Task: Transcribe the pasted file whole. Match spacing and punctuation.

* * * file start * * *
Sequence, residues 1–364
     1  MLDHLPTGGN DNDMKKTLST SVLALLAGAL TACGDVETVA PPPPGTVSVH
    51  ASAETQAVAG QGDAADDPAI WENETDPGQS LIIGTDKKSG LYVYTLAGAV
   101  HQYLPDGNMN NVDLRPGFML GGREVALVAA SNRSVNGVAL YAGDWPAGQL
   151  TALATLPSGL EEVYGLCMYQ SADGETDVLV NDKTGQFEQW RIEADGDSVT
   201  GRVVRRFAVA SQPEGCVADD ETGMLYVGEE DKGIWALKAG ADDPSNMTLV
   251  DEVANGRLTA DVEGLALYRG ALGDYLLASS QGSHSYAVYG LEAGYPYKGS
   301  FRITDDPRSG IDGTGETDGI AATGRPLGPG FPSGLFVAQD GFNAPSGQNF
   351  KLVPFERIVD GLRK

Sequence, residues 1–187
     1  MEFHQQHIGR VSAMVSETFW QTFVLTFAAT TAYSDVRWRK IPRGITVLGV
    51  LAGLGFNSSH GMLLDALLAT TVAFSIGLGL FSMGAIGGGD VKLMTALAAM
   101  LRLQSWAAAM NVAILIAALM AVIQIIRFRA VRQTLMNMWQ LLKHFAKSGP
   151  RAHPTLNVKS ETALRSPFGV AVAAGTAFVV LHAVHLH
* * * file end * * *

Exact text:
Sequence, residues 1–364
     1  MLDHLPTGGN DNDMKKTLST SVLALLAGAL TACGDVETVA PPPPGTVSVH
    51  ASAETQAVAG QGDAADDPAI WENETDPGQS LIIGTDKKSG LYVYTLAGAV
   101  HQYLPDGNMN NVDLRPGFML GGREVALVAA SNRSVNGVAL YAGDWPAGQL
   151  TALATLPSGL EEVYGLCMYQ SADGETDVLV NDKTGQFEQW RIEADGDSVT
   201  GRVVRRFAVA SQPEGCVADD ETGMLYVGEE DKGIWALKAG ADDPSNMTLV
   251  DEVANGRLTA DVEGLALYRG ALGDYLLASS QGSHSYAVYG LEAGYPYKGS
   301  FRITDDPRSG IDGTGETDGI AATGRPLGPG FPSGLFVAQD GFNAPSGQNF
   351  KLVPFERIVD GLRK

Sequence, residues 1–187
     1  MEFHQQHIGR VSAMVSETFW QTFVLTFAAT TAYSDVRWRK IPRGITVLGV
    51  LAGLGFNSSH GMLLDALLAT TVAFSIGLGL FSMGAIGGGD VKLMTALAAM
   101  LRLQSWAAAM NVAILIAALM AVIQIIRFRA VRQTLMNMWQ LLKHFAKSGP
   151  RAHPTLNVKS ETALRSPFGV AVAAGTAFVV LHAVHLH